My Letter to Governor Haslam on the Restriction of Free Assembly on Public Land
Yesterday, Tennessee’s Governor instituted new rules limiting public demonstrations in Legislative Plaza (state public land) to specific hours and requiring daily approval of permits which will cost $65. After stating that the permit process would not be in place until this morning, the government sent police in in the middle of the night to remove Occupy Nashville demonstrators under the guise of a newly implemented curfew. 75 state troopers were sent to arrest 29 protesters. Below is the text of the letter I just sent to the Governor’s office in response:
I am writing to express my concern about the sudden implementation of limited demonstration hours in Legislative Plaza and insistence on permits and curfews in this public space. While many areas do require permits for large events in public spaces, the creation of these rules mid-event suggests a desire to specifically interrupt Occupy Nashville efforts. It is profoundly disturbing to consider whether permits may be required or denied based upon whether the demonstration’s focus finds favor with state government, especially when the focus of dissent is the government itself. The suggestion by Bill Gibbons that others using or traveling through the Plaza outside of curfew hours would get a pass depending on their circumstances further suggests an intention to enforce the new rules inequitably.
I am also disturbed by the contradiction between clear reports that enforcement would not happen until today, and the frankly sneaky manner in which the curfew issue was employed to provide cover for removing people who had a reasonable belief that they would not need to clear out of the public space until today, and to do so when the least possible media would be present.
I’ve already viewed elsewhere the generic response sent to others who have written on this issue, the meat of which is:
“While this administration wholeheartedly supports freedom of speech, assembly and petition, it is our responsibility to keep people safe on state property. Abiding by these hours allows for a safe event, while ensuring the people’s right to peaceably assemble.”
I am certain you don’t mean to imply that it is only possible to keep people safe on state property during the hours of 9am to 4pm, the hours for which permits may ostensibly be approved. If so, I would expect that safety should also be a concern during the additional non-curfew hours,* 4pm to 10pm and 6am to 9am. There is no apparent rationale for the failure to align these hours and allow permits for assembly during the full 6am to 10pm time frame. The most charitable reading of this mismatch is a governmental unwillingness to provide for the proper security during some hours for those in exercise of their Constitutional liberties on public land. A less charitable read of this mismatch would suggest that it is the specific intent of the Governor’s office to limit the exercise of free speech and assembly by forbidding such activities on state land during the hours which most people have off work, thereby reducing the numbers of people who may participate in such activities.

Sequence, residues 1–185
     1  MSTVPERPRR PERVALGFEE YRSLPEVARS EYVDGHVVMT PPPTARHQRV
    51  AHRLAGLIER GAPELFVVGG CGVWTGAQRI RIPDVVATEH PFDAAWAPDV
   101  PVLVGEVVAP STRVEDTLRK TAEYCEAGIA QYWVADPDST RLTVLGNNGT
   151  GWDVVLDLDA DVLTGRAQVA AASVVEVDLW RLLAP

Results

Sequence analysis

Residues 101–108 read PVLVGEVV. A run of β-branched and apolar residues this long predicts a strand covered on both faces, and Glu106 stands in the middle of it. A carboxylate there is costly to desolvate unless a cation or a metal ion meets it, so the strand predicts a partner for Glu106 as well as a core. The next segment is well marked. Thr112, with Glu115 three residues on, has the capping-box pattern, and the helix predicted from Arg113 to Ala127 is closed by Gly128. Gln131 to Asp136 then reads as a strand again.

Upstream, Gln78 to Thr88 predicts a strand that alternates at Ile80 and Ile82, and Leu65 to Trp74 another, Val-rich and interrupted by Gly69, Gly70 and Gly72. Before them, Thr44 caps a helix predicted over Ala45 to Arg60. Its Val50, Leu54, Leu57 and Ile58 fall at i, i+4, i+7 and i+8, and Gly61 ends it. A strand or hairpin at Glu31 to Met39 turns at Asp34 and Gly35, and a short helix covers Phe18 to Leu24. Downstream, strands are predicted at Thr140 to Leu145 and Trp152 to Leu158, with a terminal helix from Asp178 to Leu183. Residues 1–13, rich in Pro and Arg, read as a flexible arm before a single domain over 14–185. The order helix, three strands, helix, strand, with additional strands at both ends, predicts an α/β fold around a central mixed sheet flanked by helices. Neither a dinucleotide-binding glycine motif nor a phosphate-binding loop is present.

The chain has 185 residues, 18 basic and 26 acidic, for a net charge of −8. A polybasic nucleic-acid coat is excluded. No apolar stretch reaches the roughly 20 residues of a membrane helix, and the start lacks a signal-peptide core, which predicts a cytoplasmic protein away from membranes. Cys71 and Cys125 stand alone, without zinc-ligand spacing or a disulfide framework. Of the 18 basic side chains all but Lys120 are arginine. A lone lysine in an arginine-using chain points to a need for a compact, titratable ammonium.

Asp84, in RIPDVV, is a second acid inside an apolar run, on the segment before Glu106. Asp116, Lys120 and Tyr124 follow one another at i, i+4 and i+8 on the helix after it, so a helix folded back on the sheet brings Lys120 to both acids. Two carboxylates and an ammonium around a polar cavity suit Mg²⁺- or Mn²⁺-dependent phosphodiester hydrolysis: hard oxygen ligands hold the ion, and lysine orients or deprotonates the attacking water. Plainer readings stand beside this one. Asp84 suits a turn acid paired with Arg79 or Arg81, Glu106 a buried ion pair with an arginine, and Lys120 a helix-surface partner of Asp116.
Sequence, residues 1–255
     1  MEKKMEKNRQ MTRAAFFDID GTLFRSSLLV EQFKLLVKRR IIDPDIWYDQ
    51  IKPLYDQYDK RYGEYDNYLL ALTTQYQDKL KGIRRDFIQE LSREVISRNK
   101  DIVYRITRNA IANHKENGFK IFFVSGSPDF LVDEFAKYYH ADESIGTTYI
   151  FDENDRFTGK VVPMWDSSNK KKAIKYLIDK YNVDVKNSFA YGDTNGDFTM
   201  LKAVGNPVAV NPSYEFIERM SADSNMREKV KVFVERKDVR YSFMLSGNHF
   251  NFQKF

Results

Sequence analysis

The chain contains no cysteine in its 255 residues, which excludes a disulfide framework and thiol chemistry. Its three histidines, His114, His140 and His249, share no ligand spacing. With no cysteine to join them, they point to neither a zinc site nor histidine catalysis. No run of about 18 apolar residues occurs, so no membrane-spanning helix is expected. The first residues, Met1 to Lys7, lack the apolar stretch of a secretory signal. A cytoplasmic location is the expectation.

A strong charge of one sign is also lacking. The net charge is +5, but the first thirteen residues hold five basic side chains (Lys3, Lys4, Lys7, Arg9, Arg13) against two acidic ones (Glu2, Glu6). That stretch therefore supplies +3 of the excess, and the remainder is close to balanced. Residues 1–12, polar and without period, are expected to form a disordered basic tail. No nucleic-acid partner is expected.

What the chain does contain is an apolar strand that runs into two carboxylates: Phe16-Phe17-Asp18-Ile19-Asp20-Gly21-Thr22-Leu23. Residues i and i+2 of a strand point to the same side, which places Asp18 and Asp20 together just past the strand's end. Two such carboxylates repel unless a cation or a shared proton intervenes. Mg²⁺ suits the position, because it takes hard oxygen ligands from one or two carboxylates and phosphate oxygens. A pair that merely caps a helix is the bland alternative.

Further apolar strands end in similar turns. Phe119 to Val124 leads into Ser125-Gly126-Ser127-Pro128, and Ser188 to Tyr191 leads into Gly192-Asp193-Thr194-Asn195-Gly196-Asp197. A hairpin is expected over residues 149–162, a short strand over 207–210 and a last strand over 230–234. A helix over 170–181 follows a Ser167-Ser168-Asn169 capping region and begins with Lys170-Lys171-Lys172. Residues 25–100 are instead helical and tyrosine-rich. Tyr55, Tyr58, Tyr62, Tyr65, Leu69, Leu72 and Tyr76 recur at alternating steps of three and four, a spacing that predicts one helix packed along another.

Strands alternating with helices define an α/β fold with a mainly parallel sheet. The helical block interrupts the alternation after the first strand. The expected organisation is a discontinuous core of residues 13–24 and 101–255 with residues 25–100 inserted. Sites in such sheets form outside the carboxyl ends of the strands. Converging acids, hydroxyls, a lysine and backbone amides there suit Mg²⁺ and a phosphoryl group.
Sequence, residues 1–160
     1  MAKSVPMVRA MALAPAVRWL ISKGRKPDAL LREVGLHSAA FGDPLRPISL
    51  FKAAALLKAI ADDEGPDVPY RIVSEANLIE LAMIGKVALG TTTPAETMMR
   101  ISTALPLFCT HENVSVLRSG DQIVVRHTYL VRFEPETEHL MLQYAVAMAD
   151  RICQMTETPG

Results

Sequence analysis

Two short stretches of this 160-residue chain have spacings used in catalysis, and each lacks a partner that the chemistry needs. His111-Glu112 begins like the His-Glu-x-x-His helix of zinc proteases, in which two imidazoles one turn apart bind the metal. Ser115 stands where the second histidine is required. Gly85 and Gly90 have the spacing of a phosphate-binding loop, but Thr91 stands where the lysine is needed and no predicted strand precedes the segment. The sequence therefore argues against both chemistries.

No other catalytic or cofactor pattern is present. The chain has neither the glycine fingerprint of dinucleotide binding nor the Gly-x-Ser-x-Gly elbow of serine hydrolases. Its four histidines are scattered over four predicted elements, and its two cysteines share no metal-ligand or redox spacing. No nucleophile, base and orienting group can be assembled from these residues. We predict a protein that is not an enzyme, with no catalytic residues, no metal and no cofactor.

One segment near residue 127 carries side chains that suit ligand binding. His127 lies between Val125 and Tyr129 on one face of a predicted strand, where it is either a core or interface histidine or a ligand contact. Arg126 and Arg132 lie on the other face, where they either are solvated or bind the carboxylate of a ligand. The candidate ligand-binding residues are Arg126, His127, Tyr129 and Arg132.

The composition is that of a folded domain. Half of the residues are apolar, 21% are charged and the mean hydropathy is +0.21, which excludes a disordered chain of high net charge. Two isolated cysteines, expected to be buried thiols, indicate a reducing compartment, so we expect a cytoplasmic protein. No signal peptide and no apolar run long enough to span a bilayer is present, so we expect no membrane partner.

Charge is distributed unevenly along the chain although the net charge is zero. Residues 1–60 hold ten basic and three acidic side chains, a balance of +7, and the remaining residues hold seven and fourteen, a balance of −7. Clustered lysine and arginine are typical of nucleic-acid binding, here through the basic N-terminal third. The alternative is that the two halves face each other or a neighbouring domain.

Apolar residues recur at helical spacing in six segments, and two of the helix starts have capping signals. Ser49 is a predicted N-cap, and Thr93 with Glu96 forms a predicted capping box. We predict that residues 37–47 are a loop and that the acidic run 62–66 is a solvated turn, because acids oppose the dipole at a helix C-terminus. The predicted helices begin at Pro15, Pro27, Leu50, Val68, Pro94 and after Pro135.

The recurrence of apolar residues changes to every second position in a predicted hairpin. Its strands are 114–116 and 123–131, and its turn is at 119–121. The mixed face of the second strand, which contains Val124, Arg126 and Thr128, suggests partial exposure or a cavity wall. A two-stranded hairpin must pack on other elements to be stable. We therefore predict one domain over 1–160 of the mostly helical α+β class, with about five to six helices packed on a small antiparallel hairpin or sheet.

Free speech and assembly are perhaps the most sacred rights of Americans, the tools which provide for all other rights to be acquired and defended. Interfering with these rights in such a manner is unconscionable. I urge you to rescind this misguided action and restore the exercise of constitutional freedoms to Legislative Plaza.
Rachel R. Walden
*Added: above, where it says, “during the additional non-curfew hours, 4pm to 10pm and 6am to 9am” – I don’t think my wording was clear initially. Those are the hours in which people are allowed to be in the Plaza and not under curfew, but demonstrations are not being allowed.
I’d like to also offer my thanks and kudos to Night Court Magistrate Tom Nelson who refused to sign criminal trespass warrants for the protesters taken into custody.
Here’s what some other folks have had to say. I am particularly enjoying Aunt B’s writings on the subject.
Aunt B at Tiny Cat Pants:
Pith in the Wind (Nashville Scene):
New items, 10/29:
This news from overnight reinforces the concern I express above about unequal enforcement of the new rule (emphasis added):
There was no noticeable law enforcement presence for nearly two hours after the curfew went into effect, while adjacent theaters let out and patrons filtered back through the plaza to their cars without being challenged for violating the restrictions.
“Nothing was done to them, they were not arrested,” said protester Michael Custer, 46. “But we are arrested while we are expressing our constitutional right to free speech.”
Once the theater traffic cleared, dozens of state troopers descended on the plaza and began arresting protesters and a journalist for the Nashville Scene, an alternative weekly newspaper.
New good posts: